Thoughts on Mom

I have been through so many phases in my relationship with my parents, and how I think about my parents. I think that perspective is shifting once again.

When I was a teenager I hated my mom. Yes hate is a strong word. And yes that word crossed my mind frequently. I felt misunderstood all the time, or maybe worse, unheard. Like I didn’t matter at all. I was allowed to do anything I wanted, and I ran wild. I did all the things normal teenagers got in trouble for and I did them freely. At the time I thought it was great. I felt really mature. At home though, it was a lot of coldness and disengagement on one end of the scale or screaming, swearing and outright fist-fights on the other. In grade 12 I got a job and every payday I bought things like frying pans and bedsheets. I moved out when I was 18 and I never looked back. Well, not for the first few years anyway.

I met God and got married, both at the age of 20. My mom helped a lot with wedding stuff, and it was sometimes stressful but mostly fun. When I look back to my relationship with her when I was younger, our best times were always when we had a project to work on. She taught me many kinds of crafts – sewing and embroidery, stained glass. And she encouraged my artistic side, always giving me art books and supplies for my birthdays. She signed me up for a pottery workshop one time because in high school art class I really took to the potter’s wheel. She taught me how to sew and in high school I made a lot of my own dresses. After a couple of years of near silence after I had moved out, the wedding gave us a project to connect over again. We shopped together. She made the bridesmaid dresses. We did some crafting for decorations and stuff. As newlyweds, my husband and I moved to Edmonton for two years and I only saw her once in that time. The weekend that she came to visit us, I discovered that I was pregnant. That is a special memory and I’m glad we got to share it. That time apart allowed for some healing on my part as well, as I grew in my delicate new faith.

But it wasn’t all good. In my early 20’s I also began to deal with some of the spiritual, emotional, psychological, and physical fallout from the sexual abuse I had experienced at the hands of my stepdad when I was pre-teen. It affected every part of me. My young husband and I were unprepared for the pervasiveness of the effects of that time. When I left home at 18 I thought I left all of that behind me, but the full force of what had happened to me and how it had broken me was never really evident until I was trying to re-build a healthy, happy and whole life for myself. I felt powerless against the brokenness. I saw how much the fallout was hurting my husband too and then guilt got all mixed up in my pain as well. Of course I looked for someone to blame, and the heft of it landed not on my abuser but on my mother who stood by and knowingly let it happen. As I looked back through the space of distance and time and maturity, I just could not comprehend how a mother could put her children in the path of danger, stand by and watch as evil devoured them, and then act as though nothing had happened. Mostly, I tried not to think about it, but when I did, feelings of horror and disgust rose up. I was glad that we were no longer close.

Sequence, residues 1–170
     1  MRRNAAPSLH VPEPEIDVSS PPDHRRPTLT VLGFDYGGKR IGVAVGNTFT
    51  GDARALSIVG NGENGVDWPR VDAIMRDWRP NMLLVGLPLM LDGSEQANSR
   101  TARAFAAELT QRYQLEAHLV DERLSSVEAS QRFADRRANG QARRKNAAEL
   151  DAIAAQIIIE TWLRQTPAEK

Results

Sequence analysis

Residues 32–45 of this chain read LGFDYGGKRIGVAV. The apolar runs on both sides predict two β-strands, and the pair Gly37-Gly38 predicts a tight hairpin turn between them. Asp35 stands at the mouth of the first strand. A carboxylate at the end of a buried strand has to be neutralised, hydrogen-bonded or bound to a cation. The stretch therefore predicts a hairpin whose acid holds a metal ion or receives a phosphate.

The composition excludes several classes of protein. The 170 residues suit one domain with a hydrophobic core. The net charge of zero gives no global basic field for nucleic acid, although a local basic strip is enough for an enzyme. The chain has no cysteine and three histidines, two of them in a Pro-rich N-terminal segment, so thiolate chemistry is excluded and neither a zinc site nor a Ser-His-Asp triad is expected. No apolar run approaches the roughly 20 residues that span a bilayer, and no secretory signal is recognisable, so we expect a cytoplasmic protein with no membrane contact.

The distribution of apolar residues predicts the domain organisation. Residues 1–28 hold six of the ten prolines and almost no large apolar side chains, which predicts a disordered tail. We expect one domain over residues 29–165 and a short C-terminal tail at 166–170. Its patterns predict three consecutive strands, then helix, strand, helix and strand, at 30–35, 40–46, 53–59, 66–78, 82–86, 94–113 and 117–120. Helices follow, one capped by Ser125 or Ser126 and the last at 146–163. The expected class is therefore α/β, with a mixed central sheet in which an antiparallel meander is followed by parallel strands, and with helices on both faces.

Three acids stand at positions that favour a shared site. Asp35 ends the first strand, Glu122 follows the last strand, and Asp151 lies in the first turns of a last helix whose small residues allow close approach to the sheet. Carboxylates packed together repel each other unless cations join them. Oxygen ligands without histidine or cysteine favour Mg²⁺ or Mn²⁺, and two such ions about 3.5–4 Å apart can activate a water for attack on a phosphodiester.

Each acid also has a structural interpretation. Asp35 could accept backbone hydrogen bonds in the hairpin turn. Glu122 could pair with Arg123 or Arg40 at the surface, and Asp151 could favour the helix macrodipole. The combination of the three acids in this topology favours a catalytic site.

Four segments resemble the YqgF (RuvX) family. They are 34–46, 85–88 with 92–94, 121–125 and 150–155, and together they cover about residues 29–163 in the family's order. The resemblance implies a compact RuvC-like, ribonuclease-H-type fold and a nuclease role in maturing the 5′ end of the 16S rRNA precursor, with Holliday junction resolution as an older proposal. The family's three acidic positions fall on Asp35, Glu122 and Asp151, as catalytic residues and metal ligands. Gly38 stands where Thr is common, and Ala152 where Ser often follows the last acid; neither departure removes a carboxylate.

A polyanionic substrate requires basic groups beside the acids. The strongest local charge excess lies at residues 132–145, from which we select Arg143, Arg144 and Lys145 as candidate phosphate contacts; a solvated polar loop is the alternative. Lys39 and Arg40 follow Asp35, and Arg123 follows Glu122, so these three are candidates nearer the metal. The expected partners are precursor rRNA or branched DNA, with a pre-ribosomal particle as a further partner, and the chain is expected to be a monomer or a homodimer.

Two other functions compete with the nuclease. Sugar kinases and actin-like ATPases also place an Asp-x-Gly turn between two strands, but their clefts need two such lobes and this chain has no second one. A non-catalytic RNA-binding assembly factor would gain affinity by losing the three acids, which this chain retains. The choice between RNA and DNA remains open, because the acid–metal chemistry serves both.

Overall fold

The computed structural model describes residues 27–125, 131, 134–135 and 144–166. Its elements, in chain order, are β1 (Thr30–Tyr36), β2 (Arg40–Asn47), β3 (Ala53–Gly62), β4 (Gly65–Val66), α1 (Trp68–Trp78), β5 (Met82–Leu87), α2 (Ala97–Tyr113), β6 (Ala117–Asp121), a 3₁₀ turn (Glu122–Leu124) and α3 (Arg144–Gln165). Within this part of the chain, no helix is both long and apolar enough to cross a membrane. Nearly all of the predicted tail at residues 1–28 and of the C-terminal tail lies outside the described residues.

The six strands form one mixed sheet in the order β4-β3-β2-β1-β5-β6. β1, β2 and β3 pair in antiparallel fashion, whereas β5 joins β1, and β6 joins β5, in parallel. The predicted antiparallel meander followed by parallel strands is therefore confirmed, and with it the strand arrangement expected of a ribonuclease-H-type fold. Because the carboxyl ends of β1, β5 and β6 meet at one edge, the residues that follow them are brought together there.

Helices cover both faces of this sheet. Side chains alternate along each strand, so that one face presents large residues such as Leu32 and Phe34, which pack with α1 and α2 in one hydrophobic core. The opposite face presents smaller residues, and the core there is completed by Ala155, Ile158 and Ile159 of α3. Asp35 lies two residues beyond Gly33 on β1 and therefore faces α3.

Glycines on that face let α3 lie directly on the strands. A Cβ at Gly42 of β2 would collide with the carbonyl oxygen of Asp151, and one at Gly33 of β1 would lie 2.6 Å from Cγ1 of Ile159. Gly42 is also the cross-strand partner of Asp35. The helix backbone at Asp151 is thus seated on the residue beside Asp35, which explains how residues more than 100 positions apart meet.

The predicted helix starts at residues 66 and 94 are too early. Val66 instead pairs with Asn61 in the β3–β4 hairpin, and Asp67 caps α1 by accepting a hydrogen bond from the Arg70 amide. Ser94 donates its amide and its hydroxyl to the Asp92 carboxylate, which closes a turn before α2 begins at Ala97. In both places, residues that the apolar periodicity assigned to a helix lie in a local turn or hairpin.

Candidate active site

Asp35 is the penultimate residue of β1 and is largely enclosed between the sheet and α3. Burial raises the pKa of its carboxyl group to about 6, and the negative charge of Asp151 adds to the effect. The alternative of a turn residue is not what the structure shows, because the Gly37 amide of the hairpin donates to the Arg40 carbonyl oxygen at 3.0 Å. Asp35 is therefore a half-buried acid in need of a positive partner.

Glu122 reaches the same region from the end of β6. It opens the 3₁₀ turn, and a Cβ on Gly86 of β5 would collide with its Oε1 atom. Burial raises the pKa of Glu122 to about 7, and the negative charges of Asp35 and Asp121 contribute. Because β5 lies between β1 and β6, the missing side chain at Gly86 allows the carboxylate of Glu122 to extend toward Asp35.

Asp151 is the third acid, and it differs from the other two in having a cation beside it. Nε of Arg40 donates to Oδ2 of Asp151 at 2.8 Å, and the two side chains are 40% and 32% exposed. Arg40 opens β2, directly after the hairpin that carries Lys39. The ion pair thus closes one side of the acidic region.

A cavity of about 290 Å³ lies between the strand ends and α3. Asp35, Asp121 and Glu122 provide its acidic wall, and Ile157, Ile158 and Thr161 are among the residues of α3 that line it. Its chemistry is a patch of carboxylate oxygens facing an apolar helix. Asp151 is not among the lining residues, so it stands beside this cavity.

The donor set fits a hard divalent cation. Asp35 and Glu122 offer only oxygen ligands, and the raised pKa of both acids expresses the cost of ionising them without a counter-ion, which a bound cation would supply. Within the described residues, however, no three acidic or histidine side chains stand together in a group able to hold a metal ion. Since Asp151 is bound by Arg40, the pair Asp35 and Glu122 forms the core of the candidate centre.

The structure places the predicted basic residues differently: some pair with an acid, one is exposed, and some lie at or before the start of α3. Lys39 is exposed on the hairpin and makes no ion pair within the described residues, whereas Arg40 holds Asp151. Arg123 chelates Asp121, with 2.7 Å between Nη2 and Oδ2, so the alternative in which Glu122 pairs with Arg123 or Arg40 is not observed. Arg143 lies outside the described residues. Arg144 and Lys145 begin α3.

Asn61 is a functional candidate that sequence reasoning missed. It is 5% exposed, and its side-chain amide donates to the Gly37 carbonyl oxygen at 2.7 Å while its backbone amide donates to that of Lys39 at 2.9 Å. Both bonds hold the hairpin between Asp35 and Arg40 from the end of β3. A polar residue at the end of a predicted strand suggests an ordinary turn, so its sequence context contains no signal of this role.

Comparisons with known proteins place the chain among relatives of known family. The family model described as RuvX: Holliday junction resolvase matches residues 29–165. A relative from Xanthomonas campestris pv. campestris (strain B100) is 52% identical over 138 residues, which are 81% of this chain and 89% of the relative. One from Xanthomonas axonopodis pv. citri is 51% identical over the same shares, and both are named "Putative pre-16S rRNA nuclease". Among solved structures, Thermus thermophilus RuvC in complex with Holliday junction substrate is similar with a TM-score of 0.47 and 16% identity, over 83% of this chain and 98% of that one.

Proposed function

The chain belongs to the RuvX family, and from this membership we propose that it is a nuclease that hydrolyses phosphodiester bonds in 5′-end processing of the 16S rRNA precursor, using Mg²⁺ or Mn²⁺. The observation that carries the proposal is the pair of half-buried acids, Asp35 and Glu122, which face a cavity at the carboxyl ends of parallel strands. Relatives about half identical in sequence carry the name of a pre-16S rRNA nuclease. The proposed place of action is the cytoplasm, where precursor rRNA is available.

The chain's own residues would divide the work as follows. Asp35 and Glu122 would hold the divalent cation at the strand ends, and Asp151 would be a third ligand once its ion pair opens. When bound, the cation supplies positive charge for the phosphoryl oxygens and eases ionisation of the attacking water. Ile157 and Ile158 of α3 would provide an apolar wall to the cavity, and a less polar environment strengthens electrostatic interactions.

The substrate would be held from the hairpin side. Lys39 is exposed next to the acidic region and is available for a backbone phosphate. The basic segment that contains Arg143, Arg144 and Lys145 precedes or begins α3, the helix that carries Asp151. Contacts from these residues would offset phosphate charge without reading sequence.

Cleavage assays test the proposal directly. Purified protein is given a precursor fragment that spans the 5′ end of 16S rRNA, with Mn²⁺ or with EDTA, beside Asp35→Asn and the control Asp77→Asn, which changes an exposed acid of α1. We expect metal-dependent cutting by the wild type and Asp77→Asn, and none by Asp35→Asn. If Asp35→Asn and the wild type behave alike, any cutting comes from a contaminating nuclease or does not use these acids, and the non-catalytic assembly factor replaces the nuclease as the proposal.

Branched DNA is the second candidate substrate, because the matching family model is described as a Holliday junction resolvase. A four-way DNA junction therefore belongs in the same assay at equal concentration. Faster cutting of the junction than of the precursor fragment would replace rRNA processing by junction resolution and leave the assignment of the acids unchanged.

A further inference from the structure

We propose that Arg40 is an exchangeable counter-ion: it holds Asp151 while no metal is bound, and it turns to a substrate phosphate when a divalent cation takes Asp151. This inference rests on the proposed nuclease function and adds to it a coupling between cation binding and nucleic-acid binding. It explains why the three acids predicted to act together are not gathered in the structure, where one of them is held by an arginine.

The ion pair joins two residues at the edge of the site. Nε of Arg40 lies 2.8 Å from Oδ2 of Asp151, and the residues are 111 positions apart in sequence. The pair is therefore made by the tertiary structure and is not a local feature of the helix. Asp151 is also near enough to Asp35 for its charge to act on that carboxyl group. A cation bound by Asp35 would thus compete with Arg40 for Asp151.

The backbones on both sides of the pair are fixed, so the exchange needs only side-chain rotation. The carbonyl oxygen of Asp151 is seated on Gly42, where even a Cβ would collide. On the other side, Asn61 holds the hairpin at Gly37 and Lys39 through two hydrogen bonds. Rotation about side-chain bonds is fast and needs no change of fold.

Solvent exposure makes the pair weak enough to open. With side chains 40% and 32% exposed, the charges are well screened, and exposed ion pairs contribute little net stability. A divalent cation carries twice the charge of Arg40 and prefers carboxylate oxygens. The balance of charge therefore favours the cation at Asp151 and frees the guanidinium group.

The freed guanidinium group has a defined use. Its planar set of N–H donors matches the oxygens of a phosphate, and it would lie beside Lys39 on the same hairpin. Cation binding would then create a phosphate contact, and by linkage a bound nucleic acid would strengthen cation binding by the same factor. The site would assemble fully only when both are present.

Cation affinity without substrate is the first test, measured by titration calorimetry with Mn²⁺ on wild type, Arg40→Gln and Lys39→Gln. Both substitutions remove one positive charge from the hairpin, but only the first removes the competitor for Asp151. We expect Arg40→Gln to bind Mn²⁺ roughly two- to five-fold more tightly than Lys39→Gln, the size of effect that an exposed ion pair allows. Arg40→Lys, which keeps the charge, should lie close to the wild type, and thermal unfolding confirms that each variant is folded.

When I was in my mid 20’s I went through a whole slurry of emotions and thoughts about our relationship, but it was increasingly positive and healthy battle and we came out the other side friends. The first catalyst was becoming a mother myself. After having my second child, the post-partum sadness hit hard. I found myself having suicidal thoughts, which had been a regular occurrence for me as an anguished teenager, but that had disappeared for a few years. I had been though so much growth as a new Christian, and I felt a huge sense of failure at the arrival of these thoughts. I felt I couldn’t confide in any of my Christian family or friends because, first of all, I thought they wouldn’t understand – they all seemed so happy. Secondly, I felt like my own faith was not good enough. I had a relationship with God! I was saved and I had already been healed of so many hurts. In other areas I was still undergoing a healing processes but I could feel God in it. So much was so good, and I knew I was not supposed to be wishing for death, or imagining abandoning my family, which were the main fantasies I allowed to swirl through my mind in the long hours that I sat alone and breastfed. One day I actually caught myself calculating how much breast-milk I would need to pump and have stored away to get my family through the initial shock and confusion of my disappearance. For one clear moment I snapped out of it, realized I needed help now, and I called my mother. I knew she would drop everything and come immediately, and she did. I knew I could tell her everything and receive absolutely no judgement. I knew she knew how depression felt,  and had experienced what it felt like to want to die. I knew that in spite of our imperfect relationship, she would accept me in any condition, that nothing I could say would shock or horrify her, that she loved me and would help me. And when she got me though my crisis, she delivered me back into the hands of the family that I had chosen over her.